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Mr. John Maples (Stratford-on-Avon): My hon. Friend sets out a damning indictment of the stewardship of Lord Falconer and of the Secretary of State. However, might not Lord Falconer say that what was really wrong with the dome was the rubbish that was put inside it--the trite content? Is that not entirely the fault of the current Secretary of State for Northern Ireland?

Mr. Ainsworth: My hon. Friend is entirely correct. The content of the dome is a serious disappointment; it is a bossy mish-mash of reproving statements, improving statements and childish gimmicks. If the content had been half way decent, there would not have been such a problem with visitor numbers.

Mr. John Redwood (Wokingham): Does my hon. Friend recollect that the taxpayer had to pay for the visit to the United States of the right hon. Member for Hartlepool so that he could see how the Disneyland attractions were run because he had sole charge of the design of the dome's contents? Did we receive any value for that money? Clearly, the right hon. Gentleman could not run an attraction as well as Mickey Mouse.

Mr. Ainsworth: My right hon. Friend is right. The visit to Disneyland showed clearly the right hon. Gentleman's involvement in the content and his responsibility for its failure.

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Mr. Clive Efford (Eltham): If the content of the dome is so bad, will the hon. Gentleman comment on the fact that 88 per cent. of visitors said that they were very satisfied with their visit and with the content?

Mr. Ainsworth: The hon. Gentleman raises a sensitive point. Clearly, if the number of people attending the dome had gone half way towards expectations, the Government would not have this problem now. [Hon. Members: "Answer."] If Labour Members will give me a chance, I will answer. It is not that difficult to have a good day out with the children. One can have a good day out with the children in Hyde park, but it did not cost £400 million or £600 million to develop Hyde park so that people could have a decent time there.

Mr. Paul Clark (Gillingham) rose--

Mr. Ainsworth: I shall not give way just yet.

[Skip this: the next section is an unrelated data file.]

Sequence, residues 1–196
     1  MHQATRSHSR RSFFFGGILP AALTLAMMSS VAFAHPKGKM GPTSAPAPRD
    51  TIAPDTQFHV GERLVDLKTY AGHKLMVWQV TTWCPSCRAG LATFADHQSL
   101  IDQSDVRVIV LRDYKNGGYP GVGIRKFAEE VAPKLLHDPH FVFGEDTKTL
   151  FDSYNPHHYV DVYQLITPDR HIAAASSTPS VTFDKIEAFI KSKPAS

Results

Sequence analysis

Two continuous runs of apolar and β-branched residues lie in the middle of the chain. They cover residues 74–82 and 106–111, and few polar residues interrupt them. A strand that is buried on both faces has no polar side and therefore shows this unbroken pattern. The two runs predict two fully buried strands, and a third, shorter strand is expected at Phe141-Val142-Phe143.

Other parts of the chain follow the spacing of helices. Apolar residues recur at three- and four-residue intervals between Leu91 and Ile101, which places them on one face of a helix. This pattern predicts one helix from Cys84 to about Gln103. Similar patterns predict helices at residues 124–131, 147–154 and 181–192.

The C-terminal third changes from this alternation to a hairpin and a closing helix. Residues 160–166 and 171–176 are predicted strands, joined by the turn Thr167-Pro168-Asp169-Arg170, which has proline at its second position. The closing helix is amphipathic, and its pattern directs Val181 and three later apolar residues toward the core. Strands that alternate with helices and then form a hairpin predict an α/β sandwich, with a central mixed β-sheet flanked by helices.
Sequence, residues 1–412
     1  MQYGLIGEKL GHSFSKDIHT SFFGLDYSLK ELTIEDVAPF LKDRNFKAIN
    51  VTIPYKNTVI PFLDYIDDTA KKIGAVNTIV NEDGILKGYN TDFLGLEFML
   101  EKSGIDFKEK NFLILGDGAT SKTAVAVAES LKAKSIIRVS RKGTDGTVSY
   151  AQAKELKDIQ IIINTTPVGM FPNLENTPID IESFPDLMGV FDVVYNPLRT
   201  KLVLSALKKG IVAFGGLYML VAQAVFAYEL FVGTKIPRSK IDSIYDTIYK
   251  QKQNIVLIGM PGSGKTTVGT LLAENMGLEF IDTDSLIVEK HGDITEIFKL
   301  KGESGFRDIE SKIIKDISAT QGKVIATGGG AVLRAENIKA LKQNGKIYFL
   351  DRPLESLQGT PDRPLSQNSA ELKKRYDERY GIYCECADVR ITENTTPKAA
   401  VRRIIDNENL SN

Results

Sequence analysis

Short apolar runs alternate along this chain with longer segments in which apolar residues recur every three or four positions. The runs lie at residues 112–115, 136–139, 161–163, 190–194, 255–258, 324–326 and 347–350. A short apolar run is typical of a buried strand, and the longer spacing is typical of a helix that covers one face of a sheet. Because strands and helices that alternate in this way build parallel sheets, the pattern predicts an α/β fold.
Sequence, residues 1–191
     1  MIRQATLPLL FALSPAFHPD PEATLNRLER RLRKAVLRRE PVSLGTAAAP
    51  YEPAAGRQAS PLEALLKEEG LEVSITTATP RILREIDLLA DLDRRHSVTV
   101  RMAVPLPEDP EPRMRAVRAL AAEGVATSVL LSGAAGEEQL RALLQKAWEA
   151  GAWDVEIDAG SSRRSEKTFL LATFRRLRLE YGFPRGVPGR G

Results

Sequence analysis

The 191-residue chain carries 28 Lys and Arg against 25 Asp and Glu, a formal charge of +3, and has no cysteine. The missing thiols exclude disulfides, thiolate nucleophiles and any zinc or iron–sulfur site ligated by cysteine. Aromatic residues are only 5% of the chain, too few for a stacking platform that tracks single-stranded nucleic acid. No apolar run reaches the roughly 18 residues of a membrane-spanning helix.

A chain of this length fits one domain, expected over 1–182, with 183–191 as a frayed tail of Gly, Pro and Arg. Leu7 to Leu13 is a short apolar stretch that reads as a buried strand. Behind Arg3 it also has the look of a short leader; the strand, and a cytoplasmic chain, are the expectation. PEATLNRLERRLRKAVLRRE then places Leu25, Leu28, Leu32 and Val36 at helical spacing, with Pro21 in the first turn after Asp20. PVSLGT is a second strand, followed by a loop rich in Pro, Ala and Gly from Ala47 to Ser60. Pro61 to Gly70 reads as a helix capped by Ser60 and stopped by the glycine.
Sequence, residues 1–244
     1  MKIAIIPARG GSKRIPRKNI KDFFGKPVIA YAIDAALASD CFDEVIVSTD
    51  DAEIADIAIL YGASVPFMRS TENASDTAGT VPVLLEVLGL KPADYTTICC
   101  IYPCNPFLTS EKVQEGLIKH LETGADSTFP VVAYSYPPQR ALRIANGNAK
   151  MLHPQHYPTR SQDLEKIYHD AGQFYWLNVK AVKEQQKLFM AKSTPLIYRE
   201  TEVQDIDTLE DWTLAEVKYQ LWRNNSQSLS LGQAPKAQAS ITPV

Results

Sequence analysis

The Secretary of State's failure to answer my question about whether any of the money will be repaid has been noted by the House. In answer to a question asked by the hon. Member for Islington, North (Mr. Corbyn), the right hon. Gentleman said that he had


Well, £90 million pounds later, we know the value of that assurance.

Mr. David Heath (Somerton and Frome): I have listened to the hon. Gentleman, and I must say that the words "pot" and "kettle" come to mind. Will he consider the comment of the National Audit Office:


On mature reflection, does the hon. Gentleman not think that that might have been the right time at which to pull the plug on this deplorable effort so that we would not incur further enormous liabilities?

Mr. Ainsworth: No. The hon. Gentleman--who, as far as I am aware, has never been responsible for running anything--is talking nonsense. If he is patient, I shall come to the point about who is responsible for the failure of the project.

A little space should be found in the hall of shame for the Minister for Tourism, Film and Broadcasting, who is sitting on the Front Bench smiling. In May, she told the House:


In July, when I asked her whether anyone in the Government would apologise, she said:


Her tone was a little different last week when she said:


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Mr. Paul Clark: The hon. Gentleman asks for an apology, but I have yet to hear him refer to the Opposition's record. I want to give him the opportunity to confirm something for the record. Will he confirm that his right hon. Friend the Member for Richmond, Yorks (Mr. Hague), the Leader of the Opposition, was a member of the GEN 36 Committee, the Cabinet Sub-Committee that was involved in the planning, financing and co-ordination of the millennium dome?